by Jim Garamone for DoD News
Washington DC (AFNS) Jan 29, 2016
Everyone agrees the United States depends on space-based assets as part of the defense of the homeland and the ability to command and control forces worldwide, Air Force Secretary Deborah Lee James told the Senate Armed Services Committee this morning. What's at issue is launching these critical capabilities into orbit using Russian-made RD-180 rocket engines, she said.
The United Nations imposed sanctions against Russia last year for its actions in Ukraine and James and Frank Kendall, the defense undersecretary for acquisition, technology and logistics, testified before the committee on DoD efforts to encourage commercial providers to develop systems not reliant on Russian products.
"Space is key to projecting credible and effective power around the world to support our allies and deter aggression," James said. "Maintaining our advantage requires the ability to modernize and replenish our space architecture through a reliable launch capability."
By law, this so-called "short access" to space must be provided by commercial companies. Right now, that requires having access to "about 18 RD-180" engines used in the first stage of the U.S. Atlas 5 rocket, James said.
But the Air Force is looking beyond the Russian rockets and is encouraging commercial companies to create a new generation of innovation in launch capabilities. "We're optimistic about these new commercial entrants and have contributed our time, resources, energy and expertise to help develop their systems, understand needs, certify them for government applications, learn from their failures, and celebrate their successes," she said.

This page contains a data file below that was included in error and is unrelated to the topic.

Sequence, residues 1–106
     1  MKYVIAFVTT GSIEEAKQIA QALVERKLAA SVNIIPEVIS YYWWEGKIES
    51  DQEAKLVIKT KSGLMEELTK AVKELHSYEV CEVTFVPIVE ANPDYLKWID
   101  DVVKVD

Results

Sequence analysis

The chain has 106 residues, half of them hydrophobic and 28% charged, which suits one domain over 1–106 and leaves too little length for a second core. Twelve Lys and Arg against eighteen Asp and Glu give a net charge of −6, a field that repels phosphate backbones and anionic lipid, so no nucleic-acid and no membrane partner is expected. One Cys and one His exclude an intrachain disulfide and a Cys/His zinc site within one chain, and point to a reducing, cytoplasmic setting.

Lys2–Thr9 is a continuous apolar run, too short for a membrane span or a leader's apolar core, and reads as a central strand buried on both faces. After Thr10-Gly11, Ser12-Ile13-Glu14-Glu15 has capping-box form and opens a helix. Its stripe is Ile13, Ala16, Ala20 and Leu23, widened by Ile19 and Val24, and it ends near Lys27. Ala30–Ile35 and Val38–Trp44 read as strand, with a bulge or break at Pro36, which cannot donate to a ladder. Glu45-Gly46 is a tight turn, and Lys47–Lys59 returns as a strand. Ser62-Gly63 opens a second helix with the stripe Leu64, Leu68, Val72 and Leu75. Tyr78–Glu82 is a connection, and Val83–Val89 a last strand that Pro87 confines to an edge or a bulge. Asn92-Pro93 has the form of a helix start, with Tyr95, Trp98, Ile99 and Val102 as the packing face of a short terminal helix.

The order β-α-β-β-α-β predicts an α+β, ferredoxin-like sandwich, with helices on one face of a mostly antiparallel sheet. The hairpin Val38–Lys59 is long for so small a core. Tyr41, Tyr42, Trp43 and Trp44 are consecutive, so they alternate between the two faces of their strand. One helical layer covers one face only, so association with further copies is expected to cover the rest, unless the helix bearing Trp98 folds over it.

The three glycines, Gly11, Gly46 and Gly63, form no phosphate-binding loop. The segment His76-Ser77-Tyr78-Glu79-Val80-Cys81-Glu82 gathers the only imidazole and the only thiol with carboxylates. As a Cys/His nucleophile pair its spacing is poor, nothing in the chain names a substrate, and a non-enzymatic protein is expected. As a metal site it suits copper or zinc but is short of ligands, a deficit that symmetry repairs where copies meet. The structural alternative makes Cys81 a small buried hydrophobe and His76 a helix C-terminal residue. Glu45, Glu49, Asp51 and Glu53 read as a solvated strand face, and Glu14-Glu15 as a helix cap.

No Alternative Yet
United Launch Alliance builds and flies the Atlas and Delta for the U.S. government and other commercial customers. The company enjoys an unprecedented record of successful launches, 90 of which were accomplished under the Evolved Expendable Launch Vehicle program, the secretary said.
"Funding for these government-mandated mission assurance requirements, along with the costs of maintaining launch infrastructure and a skilled workforce, came through a contract vehicle with the government known as the [Evolved Expendable Launch Vehicle] launch capability arrangement, otherwise known as the ELC," she said.
The Air Force wants to get away from this type of deal. "DoD must look for ways to meet the mandate of at least two commercially viable launch vehicles or family of launch vehicles capable of launching national security payloads," she said. "In a global launch environment, commercial viability is all about cost."
The next budget request would ensure the availability of a complete launch system through public-private partnerships, she said, with launches of the new system set for fiscal 2022 or 2023. "We believe this is the best approach to achieve our mandate of assured access to space with two certified, commercially competitive domestic launch providers," she said.
She asked the senators to remove language in the fiscal 2016 budget that restricts the use of these funds to engine development alone so the service can shift to the complete launch system.
"So far, of the $260 million authorized and appropriated ... we have obligated just over $176 million," she said. "The balance will be obligated soon pending of course successful outcome on negotiations with industry."
US Department of Defense
Launch Pad at Space-Travel.com
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